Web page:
The human body has two arms and two legs, or four limbs. A complete arm, in common parlance, extends from where it connects with the shoulder blade to the hand; and a complete leg extends from where the ball of the femur fits into the socket of the hip to the ankle or foot. Section 1438, subdivision (C), divides these limbs of the human body, for the purpose of fixing specific compensation, into parts. For instance, from (a) to (k), inclusive, the compensation for the digits of the four limbs is fixed at so much for the whole of each one of them and also for parts thereof. For such purpose the hand is likewise divided into a major and a minor hand (l); the arm into a major and a minor arm (m); the leg into a foot (n) and into a leg (o); and it is provided in

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(t) that “the permanent and complete loss of the use of a finger, toe, arm, hand, foot or leg may be deemed the same as the loss of any such member by separation.”

Thus there is manifest an intention upon the part of the legislature to provide specific compensation for the four limbs; and for that purpose the limb we walk, run, swim and climb with is divided into digits and into a foot and into a leg; this last word being used in its commonly understood meaning. We conclude, as we did in our former opinion, that the femur is a part of the leg, and an injury to it should be compensated under (u) and (o) subdivision (C) of section 1438.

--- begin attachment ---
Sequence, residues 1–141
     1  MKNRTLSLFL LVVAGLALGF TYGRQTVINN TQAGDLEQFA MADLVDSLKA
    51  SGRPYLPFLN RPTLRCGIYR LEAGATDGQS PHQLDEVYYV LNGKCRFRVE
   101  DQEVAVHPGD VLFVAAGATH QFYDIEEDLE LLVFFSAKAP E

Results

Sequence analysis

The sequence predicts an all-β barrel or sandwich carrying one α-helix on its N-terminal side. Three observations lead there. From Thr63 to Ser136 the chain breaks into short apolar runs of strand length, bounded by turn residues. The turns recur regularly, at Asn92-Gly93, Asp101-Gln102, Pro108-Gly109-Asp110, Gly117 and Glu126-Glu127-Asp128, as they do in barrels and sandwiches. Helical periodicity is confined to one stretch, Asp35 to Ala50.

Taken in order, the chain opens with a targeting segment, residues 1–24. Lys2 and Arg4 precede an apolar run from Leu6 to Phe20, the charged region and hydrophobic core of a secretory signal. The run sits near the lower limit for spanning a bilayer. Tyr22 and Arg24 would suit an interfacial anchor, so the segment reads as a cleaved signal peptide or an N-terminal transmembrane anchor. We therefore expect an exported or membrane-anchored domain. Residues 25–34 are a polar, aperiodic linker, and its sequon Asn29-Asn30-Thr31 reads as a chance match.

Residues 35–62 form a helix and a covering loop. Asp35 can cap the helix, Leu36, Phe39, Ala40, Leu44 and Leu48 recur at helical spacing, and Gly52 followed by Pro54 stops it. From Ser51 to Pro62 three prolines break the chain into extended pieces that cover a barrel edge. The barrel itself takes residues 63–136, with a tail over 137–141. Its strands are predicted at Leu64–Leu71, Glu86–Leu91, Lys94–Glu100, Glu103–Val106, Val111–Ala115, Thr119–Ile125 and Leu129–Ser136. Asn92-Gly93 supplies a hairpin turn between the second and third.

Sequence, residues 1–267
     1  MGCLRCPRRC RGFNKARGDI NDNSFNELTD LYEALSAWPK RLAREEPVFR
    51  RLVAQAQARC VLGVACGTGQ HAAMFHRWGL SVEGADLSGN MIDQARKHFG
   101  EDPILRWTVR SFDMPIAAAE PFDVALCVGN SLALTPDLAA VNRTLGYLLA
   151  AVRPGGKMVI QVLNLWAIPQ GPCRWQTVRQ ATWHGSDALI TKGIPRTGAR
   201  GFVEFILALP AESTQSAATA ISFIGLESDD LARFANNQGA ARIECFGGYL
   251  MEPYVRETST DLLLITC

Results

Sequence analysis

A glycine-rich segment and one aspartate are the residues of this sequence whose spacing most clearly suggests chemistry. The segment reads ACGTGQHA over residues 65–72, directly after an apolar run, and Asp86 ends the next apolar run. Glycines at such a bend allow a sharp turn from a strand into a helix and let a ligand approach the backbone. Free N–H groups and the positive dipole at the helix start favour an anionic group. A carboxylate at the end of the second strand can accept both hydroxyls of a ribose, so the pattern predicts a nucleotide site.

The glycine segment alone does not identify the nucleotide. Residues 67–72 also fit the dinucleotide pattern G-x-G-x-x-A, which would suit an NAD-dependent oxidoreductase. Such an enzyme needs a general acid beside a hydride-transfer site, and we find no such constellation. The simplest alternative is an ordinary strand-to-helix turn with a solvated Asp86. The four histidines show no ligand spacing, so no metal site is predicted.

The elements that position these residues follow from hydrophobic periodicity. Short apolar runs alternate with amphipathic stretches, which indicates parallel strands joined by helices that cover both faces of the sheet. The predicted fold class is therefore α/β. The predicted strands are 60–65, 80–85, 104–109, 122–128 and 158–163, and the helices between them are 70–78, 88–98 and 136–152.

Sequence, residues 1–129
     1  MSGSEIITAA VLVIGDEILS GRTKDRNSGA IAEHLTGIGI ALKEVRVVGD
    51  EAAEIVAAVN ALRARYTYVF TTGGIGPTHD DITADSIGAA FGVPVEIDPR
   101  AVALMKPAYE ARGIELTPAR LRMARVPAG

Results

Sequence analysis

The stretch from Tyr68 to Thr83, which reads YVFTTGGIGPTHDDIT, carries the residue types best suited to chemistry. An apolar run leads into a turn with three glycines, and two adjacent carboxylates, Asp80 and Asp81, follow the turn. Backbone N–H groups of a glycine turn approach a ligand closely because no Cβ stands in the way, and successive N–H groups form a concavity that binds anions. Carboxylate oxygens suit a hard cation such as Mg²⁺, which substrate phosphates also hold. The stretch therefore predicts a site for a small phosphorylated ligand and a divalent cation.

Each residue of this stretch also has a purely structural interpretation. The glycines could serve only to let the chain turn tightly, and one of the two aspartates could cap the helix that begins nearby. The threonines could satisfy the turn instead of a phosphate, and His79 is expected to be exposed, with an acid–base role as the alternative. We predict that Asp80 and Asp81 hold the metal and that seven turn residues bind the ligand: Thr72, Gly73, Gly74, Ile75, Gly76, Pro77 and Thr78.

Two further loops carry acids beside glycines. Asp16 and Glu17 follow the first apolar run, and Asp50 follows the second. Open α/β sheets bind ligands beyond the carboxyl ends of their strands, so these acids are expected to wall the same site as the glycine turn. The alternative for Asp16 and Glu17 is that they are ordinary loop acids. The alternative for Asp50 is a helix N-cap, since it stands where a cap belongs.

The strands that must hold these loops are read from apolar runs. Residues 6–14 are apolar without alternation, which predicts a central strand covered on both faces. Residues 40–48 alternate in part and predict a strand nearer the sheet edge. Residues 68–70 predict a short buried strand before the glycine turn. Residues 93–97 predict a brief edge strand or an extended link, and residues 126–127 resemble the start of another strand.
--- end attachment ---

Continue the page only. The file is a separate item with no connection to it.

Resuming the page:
The commission found: “That the evidence is insufficient to establish that there was any disabling injury to the left hip or to the pelvis girdle, and further that the evidence is insufficient to establish that there was any disability of a permanent nature affecting the applicant’s left hip, or any other part of his body except” the femur of the left leg.

The petitioner contends that this finding is not supported by, but is contrary to, the evidence. There is not much dispute in the medical reports of the several doctors who diagnosed the petitioner’s injuries. Dr. William B. Watts, Jr., writing the commission as of the date of November 22, 1933, makes the following statement: